What is the role of aesthetics, then, today? I said that beauty cannot be subsumed; yet we live in a time when financial mechanisms subsume everything there is. Capitalism has moved from “formal subsumption” to “real subsumption.” These terms, originally coined in passing by Marx, have been taken up and elaborated by thinkers in the Italian Autonomist tradition, most notably Michael Hardt and Antonio Negri. For Marx, it is labor that is “subsumed” under capital. In formal subsumption, capital appropriates, and extracts a surplus from, labor processes that precede capitalism, or that at the very least are not organized by capitalism. In real subsumption, there is no longer any such autonomy; labor itself is directly organized in capitalist terms (think of the factory and the assembly line).

In Hardt and Negri’s expanded redefinition of “subsumption,” it isn’t just labor that is subsumed by capital, but all aspects of personal and social life. This means that everything in life must now be seen as a kind of labor: we are still working even when we consume and even when we are asleep. Affects and feelings, linguistic abilities, modes of cooperation, forms of know-how and of explicit knowledge, expressions of desire: all these are appropriated and turned into sources of surplus value. We have moved from a situation of extrinsic exploitation, in which capital subordinated labor and subjectivity to its purposes, to a situation of intrinsic exploitation, in which capital directly incorporates labor and subjectivity within its own processes.

This means that labor, subjectivity, and social life are no longer “outside” capital and antagonistic to it. Rather, they are immediately produced as parts of it. They cannot resist the depredations of capital, because they are themselves already functions of capital. This is what leads us to speak of such things as “social capital,” “cultural capital,” and “human capital”: as if our knowledge, our abilities, our beliefs, and our desires had only instrumental value and needed to be invested. Everything we live and do, everything we experience, is quickly reduced to the status of “dead labour, that, vampire-like, only lives by sucking living labour, and lives the more, the more labour it sucks.” Under a regime of real subsumption, every living person is transformed into a capital stock that must not lie fallow but has to be profitably invested. The individual is assumed—and indeed compelled—to be, as Foucault puts it, “an entrepreneur, an entrepreneur of himself . . . being for himself his own capital, being for himself his own producer, being for himself the source of [his] earnings.”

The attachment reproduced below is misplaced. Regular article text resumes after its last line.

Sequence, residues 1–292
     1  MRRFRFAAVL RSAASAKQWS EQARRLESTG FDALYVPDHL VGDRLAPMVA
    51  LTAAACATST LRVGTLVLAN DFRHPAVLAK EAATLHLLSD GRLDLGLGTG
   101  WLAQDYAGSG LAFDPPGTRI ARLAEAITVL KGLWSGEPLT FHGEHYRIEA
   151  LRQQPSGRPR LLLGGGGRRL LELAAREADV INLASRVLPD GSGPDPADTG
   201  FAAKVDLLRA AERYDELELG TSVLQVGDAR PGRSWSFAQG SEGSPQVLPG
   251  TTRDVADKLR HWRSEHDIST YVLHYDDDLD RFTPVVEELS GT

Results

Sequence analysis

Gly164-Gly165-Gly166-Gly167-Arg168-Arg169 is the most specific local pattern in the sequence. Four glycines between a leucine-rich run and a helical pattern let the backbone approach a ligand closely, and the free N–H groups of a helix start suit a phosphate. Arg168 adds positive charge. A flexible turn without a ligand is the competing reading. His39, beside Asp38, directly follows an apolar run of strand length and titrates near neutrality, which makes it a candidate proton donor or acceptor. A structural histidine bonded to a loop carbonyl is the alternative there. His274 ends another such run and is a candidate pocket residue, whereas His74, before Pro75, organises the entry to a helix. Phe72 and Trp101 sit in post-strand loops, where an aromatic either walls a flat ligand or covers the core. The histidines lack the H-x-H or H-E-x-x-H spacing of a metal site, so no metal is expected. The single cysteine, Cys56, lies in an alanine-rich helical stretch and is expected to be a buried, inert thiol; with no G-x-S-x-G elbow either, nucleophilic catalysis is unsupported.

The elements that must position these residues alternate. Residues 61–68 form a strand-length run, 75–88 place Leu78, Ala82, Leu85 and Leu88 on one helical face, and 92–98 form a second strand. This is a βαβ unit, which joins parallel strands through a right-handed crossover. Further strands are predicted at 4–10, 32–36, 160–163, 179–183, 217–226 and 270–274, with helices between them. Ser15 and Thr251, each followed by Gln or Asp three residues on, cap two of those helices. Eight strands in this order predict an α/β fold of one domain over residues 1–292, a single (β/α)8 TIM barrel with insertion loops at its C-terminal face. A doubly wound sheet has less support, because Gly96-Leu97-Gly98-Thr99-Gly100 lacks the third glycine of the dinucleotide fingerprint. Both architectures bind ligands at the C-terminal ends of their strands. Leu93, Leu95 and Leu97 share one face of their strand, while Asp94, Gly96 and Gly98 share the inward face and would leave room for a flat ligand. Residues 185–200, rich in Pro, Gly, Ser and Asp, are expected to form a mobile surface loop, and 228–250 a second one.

This process of real subsumption is the key to our globalized network society. Everything without exception is subordinated to an economic logic, an economic rationality. Everything must be measured, and made commensurable, through the mediation of some sort of “universal equivalent”: money or information. Real subsumption is facilitated by—but also provides the impetus for—the revolutionization of computing and communication technologies over the course of the past several decades. Today we live in a digital world, a world of financial derivatives and big data. Virtual reality supplements and enhances physical, “face-to-face” reality, rather than being, as we used to naively think, opposed to it. Neoliberalism is not just the ideology or belief system of this form of capitalism. It is also, more importantly, the concrete way in which the system works. It is an actual set of practices and institutions. It provides both a calculus for judging human actions and a mechanism for inciting and directing those actions.

What does this mean for aesthetics? The process of real subsumption requires the valuation and evaluation of everything, even of that which is spectral, epiphenomenal, and without value. Real subsumption leaves no aspect of life uncolonized. It endeavors to capture and to put to work even those things that are uneconomical, or “not part of the mechanism.” Affect and inner experience are not exempt from this process of subsumption, appropriation, and extraction of a surplus. For capitalism now seeks to expropriate surplus value not just from labor narrowly considered but from leisure as well, not just from “private property” but also from what the Autonomists call “the common,” and not just from palpable things but also from feelings and moods and subjective states. Everything must be marketed and made subject to competition. Everything must be identified as a “brand.”